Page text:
Cybercrime hit 76% of councils last year, says survey

25 Sep 17

Cybercrime has affected 76% of local councils in the last year, according to figures from the IT security firm Malwarebytes.

An iGov survey of 38 local authorities in the UK taken in June showed that more than three quarters of respondents were subject to either a malware, virus or Trojan attack while 50% were victims of ransomware attempts.

The report Cyber Security: Threats and Opportunities Across Local Government highlighted a lack of understanding regarding cyberattacks and how to combat them at a local government level.

This has led to a falling level of confidence in a number of the solutions currently employed to combat these incidents, the analysis found.

Most councils labelled their existing legacy systems as inadequate to deal with modern threats and 72% said it was difficult to successful integrate new systems and applications.

The report, which came out on Wednesday last week, stated: “This illustrates that for many local government organisations old, outdated technology is having a negative impact on managing cyber-risk.”

Anthony O’Mara, vice president for the EMEA region at Malwarebytes, said: “The threat of cyber-crime is on the up, driven by career criminals that are highly skilled, innovative and will stop at nothing to target organisations that hold people’s private information.

“This determination was perfectly demonstrated by the recent WannaCry attack and the devastating effect it had on the NHS."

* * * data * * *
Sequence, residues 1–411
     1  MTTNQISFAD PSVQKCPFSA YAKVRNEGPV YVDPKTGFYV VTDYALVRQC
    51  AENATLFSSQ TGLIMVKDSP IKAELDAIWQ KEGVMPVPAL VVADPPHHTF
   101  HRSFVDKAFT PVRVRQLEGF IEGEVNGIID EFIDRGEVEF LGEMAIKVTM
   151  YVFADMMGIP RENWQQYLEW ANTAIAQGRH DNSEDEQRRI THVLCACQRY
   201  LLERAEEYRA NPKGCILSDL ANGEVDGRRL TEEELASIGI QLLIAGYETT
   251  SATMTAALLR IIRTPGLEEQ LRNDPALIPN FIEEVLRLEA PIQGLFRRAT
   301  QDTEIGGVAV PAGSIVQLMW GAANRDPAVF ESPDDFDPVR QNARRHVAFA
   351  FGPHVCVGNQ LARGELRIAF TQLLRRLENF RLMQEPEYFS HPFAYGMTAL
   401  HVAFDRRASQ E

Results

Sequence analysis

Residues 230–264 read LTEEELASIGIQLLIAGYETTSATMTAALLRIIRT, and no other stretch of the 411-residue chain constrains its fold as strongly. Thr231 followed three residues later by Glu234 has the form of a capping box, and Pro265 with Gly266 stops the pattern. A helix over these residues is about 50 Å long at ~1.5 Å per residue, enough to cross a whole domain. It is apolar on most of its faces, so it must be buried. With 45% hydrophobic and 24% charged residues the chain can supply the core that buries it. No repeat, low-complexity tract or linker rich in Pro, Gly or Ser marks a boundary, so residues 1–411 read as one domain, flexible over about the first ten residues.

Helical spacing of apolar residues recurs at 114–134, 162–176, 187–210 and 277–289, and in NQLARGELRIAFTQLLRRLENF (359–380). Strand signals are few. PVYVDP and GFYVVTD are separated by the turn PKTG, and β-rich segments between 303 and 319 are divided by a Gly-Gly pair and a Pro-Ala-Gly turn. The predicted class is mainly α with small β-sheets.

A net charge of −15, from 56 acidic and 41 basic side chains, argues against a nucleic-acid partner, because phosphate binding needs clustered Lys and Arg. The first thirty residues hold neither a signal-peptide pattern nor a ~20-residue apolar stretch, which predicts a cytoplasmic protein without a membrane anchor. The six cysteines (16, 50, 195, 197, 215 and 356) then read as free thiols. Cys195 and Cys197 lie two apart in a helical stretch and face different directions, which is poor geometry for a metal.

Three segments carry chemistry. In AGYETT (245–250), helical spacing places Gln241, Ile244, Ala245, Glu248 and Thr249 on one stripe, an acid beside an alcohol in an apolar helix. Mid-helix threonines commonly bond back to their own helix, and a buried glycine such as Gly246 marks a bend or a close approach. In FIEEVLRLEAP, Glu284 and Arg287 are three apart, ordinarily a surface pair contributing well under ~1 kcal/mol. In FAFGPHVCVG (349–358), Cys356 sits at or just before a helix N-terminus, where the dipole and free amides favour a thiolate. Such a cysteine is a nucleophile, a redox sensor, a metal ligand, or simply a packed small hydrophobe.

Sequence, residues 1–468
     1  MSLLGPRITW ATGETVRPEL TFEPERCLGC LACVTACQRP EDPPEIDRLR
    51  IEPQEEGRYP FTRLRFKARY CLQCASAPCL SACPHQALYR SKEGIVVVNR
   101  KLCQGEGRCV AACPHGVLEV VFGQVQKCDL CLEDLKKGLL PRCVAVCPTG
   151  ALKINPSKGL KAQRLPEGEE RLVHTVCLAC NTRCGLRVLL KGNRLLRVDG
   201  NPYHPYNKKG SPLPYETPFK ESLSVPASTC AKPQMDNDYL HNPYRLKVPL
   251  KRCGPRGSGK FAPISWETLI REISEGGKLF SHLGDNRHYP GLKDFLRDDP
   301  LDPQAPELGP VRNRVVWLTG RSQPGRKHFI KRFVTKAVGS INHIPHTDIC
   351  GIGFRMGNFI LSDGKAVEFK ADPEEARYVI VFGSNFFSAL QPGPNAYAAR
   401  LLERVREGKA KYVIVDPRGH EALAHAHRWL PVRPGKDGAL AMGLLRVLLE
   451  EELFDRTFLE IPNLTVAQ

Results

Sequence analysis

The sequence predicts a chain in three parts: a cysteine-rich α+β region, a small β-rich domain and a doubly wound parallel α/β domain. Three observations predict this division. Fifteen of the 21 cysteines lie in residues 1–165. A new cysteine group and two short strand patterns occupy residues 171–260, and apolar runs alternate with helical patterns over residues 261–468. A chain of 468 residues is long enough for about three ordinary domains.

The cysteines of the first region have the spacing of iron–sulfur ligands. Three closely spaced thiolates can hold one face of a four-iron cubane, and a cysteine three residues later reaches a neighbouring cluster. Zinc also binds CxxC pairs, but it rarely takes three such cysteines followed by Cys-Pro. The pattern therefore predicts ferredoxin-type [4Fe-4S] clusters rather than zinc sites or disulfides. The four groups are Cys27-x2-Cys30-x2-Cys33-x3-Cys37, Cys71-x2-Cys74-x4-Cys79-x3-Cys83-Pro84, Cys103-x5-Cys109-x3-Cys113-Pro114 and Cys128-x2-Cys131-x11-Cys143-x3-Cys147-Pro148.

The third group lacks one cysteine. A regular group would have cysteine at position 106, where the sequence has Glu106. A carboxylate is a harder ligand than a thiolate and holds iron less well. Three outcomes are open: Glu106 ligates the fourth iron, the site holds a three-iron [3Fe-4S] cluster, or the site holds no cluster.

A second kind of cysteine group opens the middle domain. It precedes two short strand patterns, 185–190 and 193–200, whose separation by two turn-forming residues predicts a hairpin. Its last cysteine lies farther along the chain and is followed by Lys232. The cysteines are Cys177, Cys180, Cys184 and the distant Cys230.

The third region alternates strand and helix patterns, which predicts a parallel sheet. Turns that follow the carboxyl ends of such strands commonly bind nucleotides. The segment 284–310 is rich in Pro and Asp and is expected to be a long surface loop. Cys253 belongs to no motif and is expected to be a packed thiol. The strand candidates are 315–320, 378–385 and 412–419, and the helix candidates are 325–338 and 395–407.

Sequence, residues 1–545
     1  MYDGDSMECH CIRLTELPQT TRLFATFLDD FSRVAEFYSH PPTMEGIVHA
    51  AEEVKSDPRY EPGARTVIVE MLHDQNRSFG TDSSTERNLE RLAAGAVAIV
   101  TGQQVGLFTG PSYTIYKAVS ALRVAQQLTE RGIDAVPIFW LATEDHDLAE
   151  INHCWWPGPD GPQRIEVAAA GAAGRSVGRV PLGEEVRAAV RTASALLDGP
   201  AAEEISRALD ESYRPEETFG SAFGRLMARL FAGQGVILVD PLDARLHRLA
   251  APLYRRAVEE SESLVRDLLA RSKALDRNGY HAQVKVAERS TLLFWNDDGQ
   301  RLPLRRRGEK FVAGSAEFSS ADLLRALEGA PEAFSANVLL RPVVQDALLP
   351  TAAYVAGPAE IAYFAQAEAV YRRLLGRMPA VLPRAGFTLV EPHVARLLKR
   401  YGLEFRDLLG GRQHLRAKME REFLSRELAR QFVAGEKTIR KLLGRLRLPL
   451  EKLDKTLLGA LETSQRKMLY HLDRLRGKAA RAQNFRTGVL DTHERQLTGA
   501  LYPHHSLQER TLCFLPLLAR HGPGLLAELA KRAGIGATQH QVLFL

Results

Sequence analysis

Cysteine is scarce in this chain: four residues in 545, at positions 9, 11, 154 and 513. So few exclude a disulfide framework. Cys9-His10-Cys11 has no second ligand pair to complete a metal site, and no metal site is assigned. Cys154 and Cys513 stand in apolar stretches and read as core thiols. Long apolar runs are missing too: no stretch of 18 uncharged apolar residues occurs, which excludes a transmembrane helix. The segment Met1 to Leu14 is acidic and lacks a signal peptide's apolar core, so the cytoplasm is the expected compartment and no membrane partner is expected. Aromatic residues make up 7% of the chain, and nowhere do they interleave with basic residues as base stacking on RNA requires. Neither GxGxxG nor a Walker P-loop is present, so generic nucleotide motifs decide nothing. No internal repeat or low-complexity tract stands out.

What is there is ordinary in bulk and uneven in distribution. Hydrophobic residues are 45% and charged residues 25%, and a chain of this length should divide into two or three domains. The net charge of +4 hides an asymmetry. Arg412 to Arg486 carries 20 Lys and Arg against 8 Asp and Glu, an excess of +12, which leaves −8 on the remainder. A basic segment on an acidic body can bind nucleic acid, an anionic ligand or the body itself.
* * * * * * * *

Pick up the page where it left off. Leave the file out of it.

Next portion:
He said other high profile incidents, such as a ransomware that crippled Lincolnshire Council, provided further evidence of just how devastating this type of crime can be.

Lincolnshire's computer systems were closed for four days at the start of last year when they were hit when a malware ransome attack, demanding £1m.  

The top three concerns for local councils when it comes to a potential cyberattack according to the survey are the loss of sensitive data (53%), financial repercussions (53%) and the expected impact on service delivery (41%).

“It’s clear from these findings that there is widespread awareness of the threat of cyber crime amongst high ranking local government officials but many are not yet confident in their ability to deal with it,” O’Mara said.

He urged public sector bodies to partner with cyber-security firms that not only provide 24/7 evolving protection against these complex threats but also provide a educational and consultative role for their users.

The Reform think-tank has recently called for an increase to the police budget to help them tackle the growing problem of cybercrime.

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